Neruda & Paterson: Notes on the Contemporary Poetic Film
Two recent films put poets center screen
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Pablo Larraín’s Neruda and Jim Jarmusch’s Paterson are both films about poetry. This much is obvious from reading a description of their plots. The former follows the famed Chilean poet as he becomes embroiled in his country’s muddled politics, while the latter centers on an amateur poet living and working in New Jersey. But Larraín and Jarmusch have gone further, turning each of their films into a poetic portrait of its subject, ones which not only give access to the inner lives of these creative individuals, but that also breathe poetry itself. Both of them are, in the most literal sense, poetic films.
While describing them as such will surely call to mind a work of experimental non-narrative or something from Terrence Malick’s filmography, Neruda and Paterson take their cues not from the lyric, but from the modernist moment which they go to great lengths to evoke. In his neo-noir ode to Pablo Neruda, for example, Larraín opts to introduce us to the poet in a bathroom. Our first encounter with him is not as the more familiar and beloved romantic writer whose verses have delighted readers over the years, but as a senator, butting heads with his colleagues over his communist and anti-American views. As played by Luis Gnecco, Neruda seems to delight in these petty confrontations, seeing them as yet another excuse to voice his concerns about the postwar state of his country, and a chance to flex his wit against the stuffy politicians who mock and fear him in equal measure.
That he puts down opponents with gusto after peeing and washing his hands in a communal restroom in a government building is an almost incidental detail, but it frames the Chilean poet as someone tied to his body and — by extension — to the country’s body politic. By the time we see him regaling a group of partygoers at his estate, with a booming declamation of his most famous poem (“Puedo escribir los versos más tristes esta noche…”/ “Tonight I can write the saddest lines…”), and the voiceover narration informs us that all eyes and all lips are on him (“They want to kiss him. Sleep with him,” we are told), it becomes apparent why this big-bellied political and poetic provocateur is such an enduring icon, and why Larraín’s film has rightly been described as an anti-biopic.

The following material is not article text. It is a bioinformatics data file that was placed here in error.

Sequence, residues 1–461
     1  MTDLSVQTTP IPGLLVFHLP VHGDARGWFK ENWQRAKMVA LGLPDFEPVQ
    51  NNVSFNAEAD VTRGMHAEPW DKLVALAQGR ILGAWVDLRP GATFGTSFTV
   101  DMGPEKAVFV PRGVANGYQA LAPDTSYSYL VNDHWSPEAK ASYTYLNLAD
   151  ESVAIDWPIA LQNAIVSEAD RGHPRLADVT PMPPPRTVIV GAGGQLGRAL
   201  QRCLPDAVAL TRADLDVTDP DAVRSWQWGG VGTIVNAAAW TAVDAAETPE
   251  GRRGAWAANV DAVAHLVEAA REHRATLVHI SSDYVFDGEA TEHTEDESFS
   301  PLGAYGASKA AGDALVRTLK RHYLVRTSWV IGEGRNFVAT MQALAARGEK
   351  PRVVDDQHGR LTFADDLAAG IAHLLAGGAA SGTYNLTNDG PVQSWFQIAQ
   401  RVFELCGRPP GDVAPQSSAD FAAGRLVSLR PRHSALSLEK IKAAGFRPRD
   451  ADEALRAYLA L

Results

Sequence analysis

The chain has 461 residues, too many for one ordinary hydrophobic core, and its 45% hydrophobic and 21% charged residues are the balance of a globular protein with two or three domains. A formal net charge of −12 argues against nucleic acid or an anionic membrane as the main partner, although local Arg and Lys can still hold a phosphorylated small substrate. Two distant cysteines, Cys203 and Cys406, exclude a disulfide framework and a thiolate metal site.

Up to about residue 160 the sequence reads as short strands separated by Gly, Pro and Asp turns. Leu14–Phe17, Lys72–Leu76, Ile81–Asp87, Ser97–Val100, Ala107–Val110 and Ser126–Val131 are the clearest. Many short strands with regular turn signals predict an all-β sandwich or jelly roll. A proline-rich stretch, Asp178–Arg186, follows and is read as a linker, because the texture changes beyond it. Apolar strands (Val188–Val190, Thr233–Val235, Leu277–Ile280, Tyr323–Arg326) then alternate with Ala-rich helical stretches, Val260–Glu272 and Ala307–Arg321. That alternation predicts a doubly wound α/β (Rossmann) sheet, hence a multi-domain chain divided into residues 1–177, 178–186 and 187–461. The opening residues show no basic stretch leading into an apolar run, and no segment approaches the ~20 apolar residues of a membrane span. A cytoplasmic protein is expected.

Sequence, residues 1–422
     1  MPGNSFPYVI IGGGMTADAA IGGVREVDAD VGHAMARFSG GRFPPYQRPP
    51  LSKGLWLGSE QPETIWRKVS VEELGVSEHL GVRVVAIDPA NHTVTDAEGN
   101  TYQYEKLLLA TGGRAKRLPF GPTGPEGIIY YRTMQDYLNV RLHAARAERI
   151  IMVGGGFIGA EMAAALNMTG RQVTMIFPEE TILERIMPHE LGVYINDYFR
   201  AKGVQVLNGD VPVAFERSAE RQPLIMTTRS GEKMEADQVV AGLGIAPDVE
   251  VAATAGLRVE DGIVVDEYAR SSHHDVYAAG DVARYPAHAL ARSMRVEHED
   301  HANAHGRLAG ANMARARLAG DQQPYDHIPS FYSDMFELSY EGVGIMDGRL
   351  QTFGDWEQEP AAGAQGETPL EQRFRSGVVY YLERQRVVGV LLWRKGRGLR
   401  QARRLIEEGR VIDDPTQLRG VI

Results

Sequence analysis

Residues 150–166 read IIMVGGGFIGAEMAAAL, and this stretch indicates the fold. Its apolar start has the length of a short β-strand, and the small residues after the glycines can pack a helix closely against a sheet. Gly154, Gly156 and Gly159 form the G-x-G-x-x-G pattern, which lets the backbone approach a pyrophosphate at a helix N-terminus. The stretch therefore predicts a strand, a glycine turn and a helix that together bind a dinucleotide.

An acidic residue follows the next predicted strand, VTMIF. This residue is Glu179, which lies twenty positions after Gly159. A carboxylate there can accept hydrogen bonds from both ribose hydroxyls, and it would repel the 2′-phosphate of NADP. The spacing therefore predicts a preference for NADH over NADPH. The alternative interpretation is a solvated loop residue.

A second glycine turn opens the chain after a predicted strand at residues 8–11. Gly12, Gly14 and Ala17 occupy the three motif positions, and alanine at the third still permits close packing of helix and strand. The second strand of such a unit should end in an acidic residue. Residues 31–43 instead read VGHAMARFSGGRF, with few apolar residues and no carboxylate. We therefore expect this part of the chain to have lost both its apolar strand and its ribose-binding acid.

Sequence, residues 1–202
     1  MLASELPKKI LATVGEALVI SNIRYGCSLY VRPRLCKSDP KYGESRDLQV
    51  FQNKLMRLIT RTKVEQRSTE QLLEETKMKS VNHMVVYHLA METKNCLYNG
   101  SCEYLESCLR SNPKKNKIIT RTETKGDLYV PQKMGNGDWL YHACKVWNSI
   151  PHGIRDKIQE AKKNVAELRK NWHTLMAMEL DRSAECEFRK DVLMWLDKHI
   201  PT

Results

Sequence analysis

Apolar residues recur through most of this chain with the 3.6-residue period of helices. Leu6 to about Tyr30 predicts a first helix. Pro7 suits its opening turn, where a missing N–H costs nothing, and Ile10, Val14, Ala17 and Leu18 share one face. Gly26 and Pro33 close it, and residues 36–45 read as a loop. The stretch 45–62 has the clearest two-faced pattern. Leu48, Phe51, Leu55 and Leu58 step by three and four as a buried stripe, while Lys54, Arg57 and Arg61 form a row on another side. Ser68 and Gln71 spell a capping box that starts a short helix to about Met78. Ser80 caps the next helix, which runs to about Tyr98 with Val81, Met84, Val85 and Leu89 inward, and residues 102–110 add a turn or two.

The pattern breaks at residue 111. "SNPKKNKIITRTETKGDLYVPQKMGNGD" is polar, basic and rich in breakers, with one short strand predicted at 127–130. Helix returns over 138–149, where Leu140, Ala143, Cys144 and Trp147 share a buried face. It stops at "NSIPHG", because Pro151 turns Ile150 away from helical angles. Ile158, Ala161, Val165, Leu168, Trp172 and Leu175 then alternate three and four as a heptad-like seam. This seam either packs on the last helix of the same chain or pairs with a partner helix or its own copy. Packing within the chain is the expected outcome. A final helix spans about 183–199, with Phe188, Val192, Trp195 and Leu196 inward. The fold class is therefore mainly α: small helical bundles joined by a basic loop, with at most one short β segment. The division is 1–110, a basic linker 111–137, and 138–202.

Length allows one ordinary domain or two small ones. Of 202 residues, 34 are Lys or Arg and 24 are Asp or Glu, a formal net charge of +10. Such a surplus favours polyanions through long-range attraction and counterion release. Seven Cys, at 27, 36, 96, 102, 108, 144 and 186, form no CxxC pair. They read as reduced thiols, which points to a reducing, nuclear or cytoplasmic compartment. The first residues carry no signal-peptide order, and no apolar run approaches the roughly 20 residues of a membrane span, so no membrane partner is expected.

Where most other films bearing such an iconic name might tread carefully in portraying its protagonist’s self-aggrandizing personality and prickly politics, at the risk of tarnishing their lustrous legacy, Neruda instead adopts a darkly comic tone, signaling that it doesn’t take itself too seriously — the better, perhaps, to embody a Nerudian sensibility. This is nowhere more evident than in its choice of narrator. That job goes to the character Oscar Peluchonneau (played by Gael García Bernal), a policeman who — with a dashing smirk and a dapper fedora — enters the film to assist in finding Neruda, after the poet and senator has gone into hiding. “This is where I come in,” he informs us in voiceover, as we watch him enter a government building. His plainspokenness soon gives way to more playful and literate turns of phrase: “I come from the blank page. I come for my black ink. This is where the cop enters — full of life, chest filled with air.”
It’s Peluchonneau who serves as our verbose guide throughout the film. With every near-miss encounter he has with Neruda (who rejoices in being mythified as an elusive and wanted man-on-the-run), Peluchonneau is presented as a character to be mocked, a bumbling Inspector Clouseau-like figure, standing in for the hollowness of the political authority Neruda and his ilk are fighting against. He may also be, as the film posits towards the end, entirely a figment of Neruda’s own imagination.